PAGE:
Jo Wilson’s sculpture is inspired in part by the contents of her father’s factory. The artist has taken delight in the industrial trappings of this mechanised workspace.
She has found mysterious beauty in sections of machinery, discarded workshop objects, sprockets, offcuts and fragments, which she has reconstructed and repurposed into elegant abstract forms.
The resulting objects are strangely familiar, yet also enigmatic. A discarded sheet of pressed cardboard, rescued from the factory floor and cast in bronze, is now eternal; the utilitarian roll of sticky-tape, cast in the same permanent metal, becomes a poetic relic of the age, as intriguing as any Bronze Age artefact.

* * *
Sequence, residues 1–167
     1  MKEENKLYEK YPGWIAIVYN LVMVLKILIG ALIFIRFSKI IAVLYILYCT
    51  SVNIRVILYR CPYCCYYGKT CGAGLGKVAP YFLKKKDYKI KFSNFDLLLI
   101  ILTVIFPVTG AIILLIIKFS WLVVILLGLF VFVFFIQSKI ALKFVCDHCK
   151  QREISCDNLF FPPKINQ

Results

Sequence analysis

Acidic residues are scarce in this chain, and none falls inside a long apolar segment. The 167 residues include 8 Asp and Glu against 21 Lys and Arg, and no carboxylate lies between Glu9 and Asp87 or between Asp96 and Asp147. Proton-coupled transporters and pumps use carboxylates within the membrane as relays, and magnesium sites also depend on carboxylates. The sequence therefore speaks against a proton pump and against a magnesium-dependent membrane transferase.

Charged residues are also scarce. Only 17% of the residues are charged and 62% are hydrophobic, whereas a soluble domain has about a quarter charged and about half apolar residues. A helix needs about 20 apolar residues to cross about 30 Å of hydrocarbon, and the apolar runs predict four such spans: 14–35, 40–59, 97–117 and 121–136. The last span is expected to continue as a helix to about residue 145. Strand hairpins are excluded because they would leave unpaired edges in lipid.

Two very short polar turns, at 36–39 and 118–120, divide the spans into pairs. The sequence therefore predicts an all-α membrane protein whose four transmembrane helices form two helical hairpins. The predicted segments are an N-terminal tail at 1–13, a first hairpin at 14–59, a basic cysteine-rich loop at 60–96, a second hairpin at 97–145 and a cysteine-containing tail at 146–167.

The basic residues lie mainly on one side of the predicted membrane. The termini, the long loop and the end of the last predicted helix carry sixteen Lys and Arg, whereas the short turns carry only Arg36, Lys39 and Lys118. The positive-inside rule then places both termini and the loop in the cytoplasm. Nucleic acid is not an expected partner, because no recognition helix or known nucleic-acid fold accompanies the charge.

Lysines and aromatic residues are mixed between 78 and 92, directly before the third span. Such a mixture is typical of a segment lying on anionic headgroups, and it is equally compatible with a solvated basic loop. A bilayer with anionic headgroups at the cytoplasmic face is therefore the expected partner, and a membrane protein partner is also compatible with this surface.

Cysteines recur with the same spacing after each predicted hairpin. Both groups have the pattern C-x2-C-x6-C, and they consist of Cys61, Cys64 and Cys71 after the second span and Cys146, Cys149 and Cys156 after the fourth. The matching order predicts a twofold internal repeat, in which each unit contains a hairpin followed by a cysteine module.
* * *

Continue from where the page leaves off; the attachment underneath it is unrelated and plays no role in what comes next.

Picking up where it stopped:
Elsewhere, circular wooden forms have been constructed, with concentric rings emanating from the centre-point. These mandala-like objects suggest shields, or charts of the cosmos as they set out the trajectory of their own enclosed universes.
In Wilson’s work, we may find echoes in the sculpture of Constantin Brâncuși, or British artist Eduardo Paolozzi, the godfather of British Pop Art, who also saw the sculptural potential in the detritus of contemporary life.